A Word to the Wise – Don’t Under-invest!
Anecdotal evidence suggests that a good number of tax professionals, like CPAs and enrolled agents, are less excited about CPE—Continuing Professional Education—today than they were 10, even 5, years ago. The tax cpe has come to be seen as, in the words of one blogging EA, a “necessary evil if you want to stay in the game.” There is doubtless a great deal of truth in this statement. CPE is essentially “R & D,” a big part of your product development. What is surprising is the rather laissez-faire attitude of many toward what seems a no-brainer. 99 % of what a tax professional brings to the table is his/her knowledge of taxation. Why wouldn’t an EA or CPA be more enthusiastic about making an investment that enhances this brain power?
Short Changing CPE A Big Mistake
Like most things in life, much of the resistance to tax cpe courses stems from concerns over—yes, you guessed it—money. A survey from several years ago found that the average annual “per professional” cost of CPE was nearly $1200 for firms that allow out-of-town CPE and $588 for those who only support local CPE. This covered firms of all sizes and from across the country. To make matters worse, a number of the firms surveyed discouraged, and in some cases turned down, out-of-town CPE for non-partners. Partners were also frequently criticized for attempting to fulfill tax continuing education requirements that required them to leave the office setting. Even more resourceful tax professionals, who opted to defray costs, and pursue online CPE, often got the run-around. This lack of institutional support for CPE is enormously counter-productive.
Under funding CPE budgets is not smart business, plain and simple. It is unspoken truth that great CPE is the key to continuously honing your product, especially in an increasingly competitive marketplace. With CPAs and enrolled agents growing in tangible numbers, it is highly probable that tax professions will need to proactively drum up business rather than waiting for clients to walk through the door. In recessionary times, with more tax payers opting to do their own returns, this is a virtual certainty.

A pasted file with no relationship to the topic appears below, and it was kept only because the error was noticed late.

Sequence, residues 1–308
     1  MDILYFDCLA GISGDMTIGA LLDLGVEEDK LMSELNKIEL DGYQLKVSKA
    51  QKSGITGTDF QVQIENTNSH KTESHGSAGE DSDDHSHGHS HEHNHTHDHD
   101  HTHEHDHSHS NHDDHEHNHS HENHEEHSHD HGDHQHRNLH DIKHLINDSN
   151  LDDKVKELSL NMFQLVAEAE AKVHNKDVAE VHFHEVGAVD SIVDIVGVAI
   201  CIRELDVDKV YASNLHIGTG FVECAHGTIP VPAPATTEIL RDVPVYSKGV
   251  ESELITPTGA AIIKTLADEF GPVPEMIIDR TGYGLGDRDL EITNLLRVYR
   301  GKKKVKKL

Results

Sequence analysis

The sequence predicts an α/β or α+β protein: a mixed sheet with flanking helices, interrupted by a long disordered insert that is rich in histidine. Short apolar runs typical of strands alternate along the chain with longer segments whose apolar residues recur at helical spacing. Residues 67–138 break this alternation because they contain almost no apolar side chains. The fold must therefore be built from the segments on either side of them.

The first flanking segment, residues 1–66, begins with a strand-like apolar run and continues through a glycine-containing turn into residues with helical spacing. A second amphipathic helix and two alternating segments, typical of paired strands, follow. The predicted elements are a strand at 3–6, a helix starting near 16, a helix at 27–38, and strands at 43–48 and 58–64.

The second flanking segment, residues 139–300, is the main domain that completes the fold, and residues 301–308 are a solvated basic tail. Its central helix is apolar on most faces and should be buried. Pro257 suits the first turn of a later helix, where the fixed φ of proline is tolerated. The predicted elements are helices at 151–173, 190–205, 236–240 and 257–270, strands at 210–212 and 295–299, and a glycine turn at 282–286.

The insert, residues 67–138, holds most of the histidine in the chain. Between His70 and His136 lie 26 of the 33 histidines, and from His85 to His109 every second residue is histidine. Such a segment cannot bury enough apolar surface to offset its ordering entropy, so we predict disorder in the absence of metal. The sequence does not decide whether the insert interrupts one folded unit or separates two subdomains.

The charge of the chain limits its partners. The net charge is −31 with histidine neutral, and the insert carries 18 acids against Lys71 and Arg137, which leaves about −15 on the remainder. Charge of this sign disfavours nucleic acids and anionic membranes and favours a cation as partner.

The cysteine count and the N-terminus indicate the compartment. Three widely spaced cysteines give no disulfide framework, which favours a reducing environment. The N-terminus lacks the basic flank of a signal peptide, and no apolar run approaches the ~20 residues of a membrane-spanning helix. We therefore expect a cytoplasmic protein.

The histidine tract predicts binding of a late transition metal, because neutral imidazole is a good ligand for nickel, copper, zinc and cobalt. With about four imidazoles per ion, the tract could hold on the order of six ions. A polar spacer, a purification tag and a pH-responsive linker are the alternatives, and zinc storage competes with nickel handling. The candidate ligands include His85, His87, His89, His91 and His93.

Changing Perception of Time & Value of CPE
The present perception of time and value associated with tax continuing education is, in the context of most firms, skewed. One commentator captured this best when he reported the following encounter:
“I sat in a firm’s management meeting about a year ago. Going around the room, department managers were reporting their hours for July (lovely exercise…) and, especially the audit people, were hugely apologetic for the dip in “productive” hours compared to the prior July, defending that they had that huge time investment to get up to speed on all those new risk assessment standards. Honestly, I was mortified. Why on earth are people apologizing for gaining new skills and investing in the future! I absolutely spoke this point at my earliest opportunity and reminded this team that they should be CONGRATULATING themselves on this investment in education, and celebrating it. You should have seen the shift in mindset as the group realized this truth around the room—you could almost touch the change. Sometimes this obsession with hours really makes the profession operate backwards!
This needs to change so that tax professionals, like Regina Wilson, an EA out of Columbus, Ohio, feel able embrace enrolled agent continuing education again “without feeling like I’m cheating my boss.”
Developing a Plan of Attack & Strategy
Along with the problems mentioned is the total lack of planning when it comes to CPE. Enough firms are simply not strategic enough when it comes to the impact of continuing education on the bottom-line.
It goes without saying that continuing education is an absolute given if a firm wants to compete. It is also essential if a firm has any hope of curbing risk, and even more so if one intends to offer “specialized” services. As one tax executive put it, “We have to start putting our education time and money where our mouth is.” Acquiring specialized skills needed to compete in focused practice areas requires a well thought-out CPE plan. Too few tax firms have implemented such a plan despite making claims of possessing specialized accounting skills. In fact, according to the AICPA, the typical firm’s average investment in CPE is only about .8% of its revenue. In other words, most firms spend more on an internet connection than they are educating their staff.
To further put this in perspective, Closet Maid invested nearly 200 hours of training for a first year employee and 100 hours each subsequent year. This warrants asking the question: Is a company that installs closets really a bigger player in the knowledge business than the country’s tax professionals?
There’s no need to answer this—it’s a rhetorical question. But you should start rethinking your CPE strategy if you had to think about it!